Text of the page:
Wednesday, December 14, 2005

What price authenticity?


We all love cookbooks, yes we do. If your reading this and you don't love them then I'm afraid you've stumbled into a deeply fetishistic world, a world where photos of food and recipes are tokens of deep dark desires for fame, money and ultimately some sort of TV show on the Food Network.
I've been thinking about the books on my shelf. I bought myself an early Christmas present, David Thompson's Thai Food and a real beauty it is. Everything a cookbook should be, encyclopaedic, well written and lovely to look at, and best of all for us cookbook fetishists, authoritative and dictatorial. I attempted the green curry this evening and it took some creative rejigging. The list of ingredients was not that onerous but I was missing about a third, most of those I had a replacement for, the others were no hopers.

See, I have a theory. That deep down in all of us food lover types (we really have to come up with a better word than foodie) there hides a dark secret; we like nothing better than to be told we have to achieve the near impossible and that we should feel slightly guilty if we don't. We love nothing better that a list of ingredients that will have us traipsing round back alleys in dodgy areas of town. We get a rush of shadenfreude if we see others not living the ideal, hot with envy when we see the success of others.
Cookbooks have a hold over us like ancient tomes of alchemy; we pour over then, revelling in the fantastical creations we can see therein, modern day bestiaries, where the strange and the wonderful are on display never to be recreated in the burning crucibles of our kitchens. Ok, so I may have got a bit far there, but you know what I mean. Cookbooks can be so tyrannical at times, they can make us feel small and I think that's a real shame. The best writers, for me, are the ones that temper the desire for authenticity with regard for the practical. That doesn't mean the cheapen a dish but accept that location and practicality mean that things must inevitably adapt and that local conditions are as important as re-creating what is authentic. We are cooking in our homes with these things, we invite them in, the least they could do is not stare down their noses at us.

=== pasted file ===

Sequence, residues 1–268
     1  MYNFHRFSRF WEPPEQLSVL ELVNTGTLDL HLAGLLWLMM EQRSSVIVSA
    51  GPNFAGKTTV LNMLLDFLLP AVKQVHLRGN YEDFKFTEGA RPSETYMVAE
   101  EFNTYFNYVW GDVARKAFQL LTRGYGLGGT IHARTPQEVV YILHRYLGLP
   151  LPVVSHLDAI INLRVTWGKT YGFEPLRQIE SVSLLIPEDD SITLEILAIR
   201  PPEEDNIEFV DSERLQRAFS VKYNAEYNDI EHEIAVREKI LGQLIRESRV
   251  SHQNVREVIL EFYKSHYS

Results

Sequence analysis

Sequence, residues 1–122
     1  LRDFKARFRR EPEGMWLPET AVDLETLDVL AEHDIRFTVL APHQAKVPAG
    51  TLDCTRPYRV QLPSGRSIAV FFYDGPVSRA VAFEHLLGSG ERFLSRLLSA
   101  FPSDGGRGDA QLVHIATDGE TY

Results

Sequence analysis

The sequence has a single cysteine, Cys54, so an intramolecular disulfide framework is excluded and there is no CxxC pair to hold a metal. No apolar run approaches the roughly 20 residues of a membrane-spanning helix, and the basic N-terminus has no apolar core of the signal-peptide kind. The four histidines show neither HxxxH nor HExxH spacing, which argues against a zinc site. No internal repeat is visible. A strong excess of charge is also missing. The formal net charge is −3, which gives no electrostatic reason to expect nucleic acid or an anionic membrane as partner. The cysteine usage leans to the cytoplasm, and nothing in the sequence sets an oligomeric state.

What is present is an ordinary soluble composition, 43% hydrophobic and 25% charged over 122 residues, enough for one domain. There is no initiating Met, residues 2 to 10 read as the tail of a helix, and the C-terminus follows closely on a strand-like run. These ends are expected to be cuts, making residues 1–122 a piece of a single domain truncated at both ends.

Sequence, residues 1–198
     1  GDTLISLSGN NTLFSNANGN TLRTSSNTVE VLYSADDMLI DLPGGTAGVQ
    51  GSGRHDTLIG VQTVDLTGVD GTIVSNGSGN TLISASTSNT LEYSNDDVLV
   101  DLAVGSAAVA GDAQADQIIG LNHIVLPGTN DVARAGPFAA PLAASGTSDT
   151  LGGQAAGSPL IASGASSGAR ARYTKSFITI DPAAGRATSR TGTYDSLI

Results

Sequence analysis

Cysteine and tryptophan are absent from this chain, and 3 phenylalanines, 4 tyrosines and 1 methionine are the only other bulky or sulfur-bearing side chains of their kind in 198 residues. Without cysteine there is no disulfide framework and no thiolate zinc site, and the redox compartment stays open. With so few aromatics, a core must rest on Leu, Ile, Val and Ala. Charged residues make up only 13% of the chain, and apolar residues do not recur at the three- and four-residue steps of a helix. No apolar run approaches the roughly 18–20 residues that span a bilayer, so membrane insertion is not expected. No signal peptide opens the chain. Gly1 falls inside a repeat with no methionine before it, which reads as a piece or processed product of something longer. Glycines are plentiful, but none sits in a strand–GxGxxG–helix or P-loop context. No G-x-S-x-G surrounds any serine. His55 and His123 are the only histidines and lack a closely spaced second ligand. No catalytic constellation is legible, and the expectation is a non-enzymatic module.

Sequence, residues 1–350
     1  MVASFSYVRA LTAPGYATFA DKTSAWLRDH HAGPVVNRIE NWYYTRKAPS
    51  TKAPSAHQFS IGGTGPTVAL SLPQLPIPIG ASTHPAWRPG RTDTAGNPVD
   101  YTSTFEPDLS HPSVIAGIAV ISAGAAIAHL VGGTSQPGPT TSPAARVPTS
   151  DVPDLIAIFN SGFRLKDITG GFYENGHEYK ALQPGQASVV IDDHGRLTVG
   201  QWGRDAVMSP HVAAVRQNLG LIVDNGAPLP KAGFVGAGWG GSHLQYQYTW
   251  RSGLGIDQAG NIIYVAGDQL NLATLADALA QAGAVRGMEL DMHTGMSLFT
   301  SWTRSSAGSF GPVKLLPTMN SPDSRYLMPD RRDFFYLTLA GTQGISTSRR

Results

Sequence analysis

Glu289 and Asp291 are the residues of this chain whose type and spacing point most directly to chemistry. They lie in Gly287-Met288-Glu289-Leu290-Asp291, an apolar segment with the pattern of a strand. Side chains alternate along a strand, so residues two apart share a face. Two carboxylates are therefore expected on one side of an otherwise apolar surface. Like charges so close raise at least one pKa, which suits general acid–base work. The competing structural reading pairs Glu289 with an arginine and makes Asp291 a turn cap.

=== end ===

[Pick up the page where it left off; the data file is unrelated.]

Then again, the green curry was seriously good, which begs the question, would it better with all the stuff I missed out? Only one way to find out...


cookiecrumb said...

I've been in a quandary about ingredients ever since I participated in the Eat Local Challenge in August. I loved cooking and eating only foods from nearby, and I've become a little reluctant to buy imports again. (In fact, yes, I think I loved being told to achieve the near impossible.) But. Man, there are some flavors I can't do without, and I don't think we grow or produce all of them in California.
Ah, well. That's what the spice trade was about, after all.

Monkey Gland said...

I just get annoyed when food writers get all uppity about ingredients, when they are lazy and snobbish and don't give people options.

anna said...

Never mind the food/cookbook fetishists - that pestle looks rather naughty in a festishist type of way (or is it just me?!).

Monkey Gland said...

you perv! ;-)